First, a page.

EU commission vice-president Maros Sefcovic gives a press conference at the EU headquarters in Brussels on June 15, 2022. The European Commission launched new legal action against Britain on Wednesday, accusing London of threatening peace in Northern Ireland by trying to overhaul the post-Brexit trade deal. (Photo by John Thys/AFP via Getty Images)
Artillery Row

Has the Tory left deserted Northern Ireland?

Conservatives must stop backing the disastrous NI protocol

This week, the government finally published a bill intended to deal with the most damaging aspects of the Northern Ireland Protocol. The reaction from its domestic opponents, as well as the thronged ranks of Irish nationalists and EU apologists, was as overstated as you would expect.

The bill is nowhere near as radical as portrayed

Most concerningly, many Conservatives, who are supposed to support the Union, seemed prepared to align themselves with this country’s foes to further undermine Boris Johnson’s leadership. That’s despite the fact that the bill is nowhere near as radical as it is being portrayed.

The proposed legislation would override some aspects of the Irish sea border, while giving ministers powers to set aside others, but it would leave some form of trade barrier in place. Its most significant clause removes the assumption that goods moving from Great Britain to Northern Ireland are automatically “at risk” of entering the EU’s single market.

This is a clever strategy by the government, because it exposes the absurd pretence at the heart of the protocol: that products destined for Ulster comprise a threat to Brussels’ economy. When Boris Johnson initially signed the deal, at the end of 2020, he assured businesses that most categories of goods would be exempted from “at risk” status, but the EU quickly showed that it had no intention of being reasonable or pragmatic on this point. 

The government’s protocol bill turns the assumption of risk on its head. If products are to be sold anywhere in the UK, including in Northern Ireland, then by default they will be considered not “at risk” of entering the single market. This will allow ministers to use new powers to set up “green” and “red” customs channels, possibly based on a “trusted trader scheme”, separating goods for Ulster from goods or materials that will eventually be sold on into the EU.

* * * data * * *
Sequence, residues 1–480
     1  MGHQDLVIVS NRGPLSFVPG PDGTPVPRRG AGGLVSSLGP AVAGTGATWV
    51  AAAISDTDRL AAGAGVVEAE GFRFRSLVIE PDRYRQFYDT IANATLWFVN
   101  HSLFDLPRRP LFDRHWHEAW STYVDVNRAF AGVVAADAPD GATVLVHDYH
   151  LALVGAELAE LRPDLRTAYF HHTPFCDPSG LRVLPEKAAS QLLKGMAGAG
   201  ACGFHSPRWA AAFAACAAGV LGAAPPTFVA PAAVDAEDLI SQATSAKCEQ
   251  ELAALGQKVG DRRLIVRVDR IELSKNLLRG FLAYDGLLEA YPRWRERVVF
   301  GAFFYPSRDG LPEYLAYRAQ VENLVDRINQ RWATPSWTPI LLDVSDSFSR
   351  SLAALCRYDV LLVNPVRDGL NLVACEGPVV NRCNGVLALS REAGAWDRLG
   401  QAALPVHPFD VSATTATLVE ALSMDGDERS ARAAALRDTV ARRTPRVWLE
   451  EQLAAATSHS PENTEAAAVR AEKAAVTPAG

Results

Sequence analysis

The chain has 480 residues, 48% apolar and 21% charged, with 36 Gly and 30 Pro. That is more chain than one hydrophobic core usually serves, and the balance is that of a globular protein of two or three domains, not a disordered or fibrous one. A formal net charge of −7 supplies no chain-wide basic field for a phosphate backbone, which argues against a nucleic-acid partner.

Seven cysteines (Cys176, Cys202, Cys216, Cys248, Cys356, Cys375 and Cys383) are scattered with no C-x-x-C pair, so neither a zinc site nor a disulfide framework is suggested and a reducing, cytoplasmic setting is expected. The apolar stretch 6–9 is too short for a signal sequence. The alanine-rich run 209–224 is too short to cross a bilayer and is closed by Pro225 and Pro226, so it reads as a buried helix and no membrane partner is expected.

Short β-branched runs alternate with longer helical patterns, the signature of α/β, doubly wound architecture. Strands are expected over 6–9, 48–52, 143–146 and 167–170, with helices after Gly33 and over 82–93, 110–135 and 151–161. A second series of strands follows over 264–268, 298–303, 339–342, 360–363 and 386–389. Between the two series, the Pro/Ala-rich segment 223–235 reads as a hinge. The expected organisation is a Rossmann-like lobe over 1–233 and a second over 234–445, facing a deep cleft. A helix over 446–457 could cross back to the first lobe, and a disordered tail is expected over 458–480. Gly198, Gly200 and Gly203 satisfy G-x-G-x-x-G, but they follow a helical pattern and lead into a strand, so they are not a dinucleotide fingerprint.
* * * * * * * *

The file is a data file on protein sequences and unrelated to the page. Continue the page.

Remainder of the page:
Many of these ideas were first raised in Lord Frost’s command paper last summer. Like that document, this bill tries to draw the protocol back to its stated purpose.  Northern Ireland would enjoy a “dual regulatory” regime, allowing companies to adhere to either UK or EU standards for goods, depending on whether they are intended only for domestic sale or for wider distribution.

The point is that the protocol’s more draconian provisions should affect only products that are genuinely at risk of entering the single market. The bill is not supposed to dismantle the Irish Sea border, but to resolve the most glaring constitutional problems it created and restore genuine access to the UK internal market for Northern Ireland.

Indeed, many unionists have criticised the legislation on the basis that it does not go far enough. In the Belfast News Letter, the former Brexit Party MEP, Ben Habib, described it as a “sleight of hand”, because many of its provisions involve discretionary powers rather than immediate action on checks and paperwork.

The DUP has refused to commit to returning to government at Stormont until the government makes more progress in taking its proposals forward. Even the most enthusiastic unionist commentators acknowledge that the bill is merely a useful “first step” toward dealing with the protocol and restoring the Union between Great Britain and Northern Ireland. 

It used the province recklessly in an attempt to blunt Brexit

For that reason, it’s all the more daft that the chair of the Northern Ireland Select Committee, Simon Hoare, supposedly told the SDLP leader, Colum Eastwood, that Britain had had “better Anglo-Irish relations under Cromwell”, thanks to this legislation. The member for North Dorset is one of a number of Conservatives who are at least as likely to retweet Irish nationalists approvingly as colleagues from their own party, never mind even the most moderate Ulster unionists.

The Irish republic’s belligerent foreign minister, Simon Coveney, who has done more damage to Anglo-Irish relations than most, stopped just short of appealing openly to these Tories to rebel against the government’s bill, after it was introduced by Liz Truss. He said, “I wouldn’t call on Conservative MPs to do anything — that’s a matter for themselves,” but his implication that they could defeat the protocol legislation was scarcely even a coded message.

Boris Johnson clearly shares responsibility for the sea border and the damage it has done to the Union. It’s also understandable that his leadership is under attack, thanks to the prime minister’s many mistakes and ailing popularity.

The patrician “left” of the Conservative party has scarcely acted any better, though, when it came to respecting and valuing Northern Ireland’s place in the United Kingdom. It used the province recklessly in an attempt to blunt Brexit, and it should not now be allowed to deploy Ulster as a weapon in the latest Tory civil war.

If MPs ally themselves with Dublin ministers, separatist politicians, Irish Americans and other assorted opponents of the UK to defend the protocol, it will represent a betrayal of conservative values and the Unionist cause.

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